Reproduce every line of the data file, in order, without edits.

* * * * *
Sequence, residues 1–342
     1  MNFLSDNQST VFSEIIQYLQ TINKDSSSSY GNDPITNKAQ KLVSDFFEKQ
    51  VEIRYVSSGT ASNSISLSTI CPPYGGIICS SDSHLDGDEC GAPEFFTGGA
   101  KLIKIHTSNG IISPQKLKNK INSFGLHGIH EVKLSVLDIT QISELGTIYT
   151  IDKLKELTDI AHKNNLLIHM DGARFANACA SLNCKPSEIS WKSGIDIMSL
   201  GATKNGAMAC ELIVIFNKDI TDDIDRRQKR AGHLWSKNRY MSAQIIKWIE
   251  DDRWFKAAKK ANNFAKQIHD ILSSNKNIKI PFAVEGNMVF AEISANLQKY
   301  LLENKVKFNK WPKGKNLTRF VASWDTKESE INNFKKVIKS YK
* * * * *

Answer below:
Sequence, residues 1–342
     1  MNFLSDNQST VFSEIIQYLQ TINKDSSSSY GNDPITNKAQ KLVSDFFEKQ
    51  VEIRYVSSGT ASNSISLSTI CPPYGGIICS SDSHLDGDEC GAPEFFTGGA
   101  KLIKIHTSNG IISPQKLKNK INSFGLHGIH EVKLSVLDIT QISELGTIYT
   151  IDKLKELTDI AHKNNLLIHM DGARFANACA SLNCKPSEIS WKSGIDIMSL
   201  GATKNGAMAC ELIVIFNKDI TDDIDRRQKR AGHLWSKNRY MSAQIIKWIE
   251  DDRWFKAAKK ANNFAKQIHD ILSSNKNIKI PFAVEGNMVF AEISANLQKY
   301  LLENKVKFNK WPKGKNLTRF VASWDTKESE INNFKKVIKS YK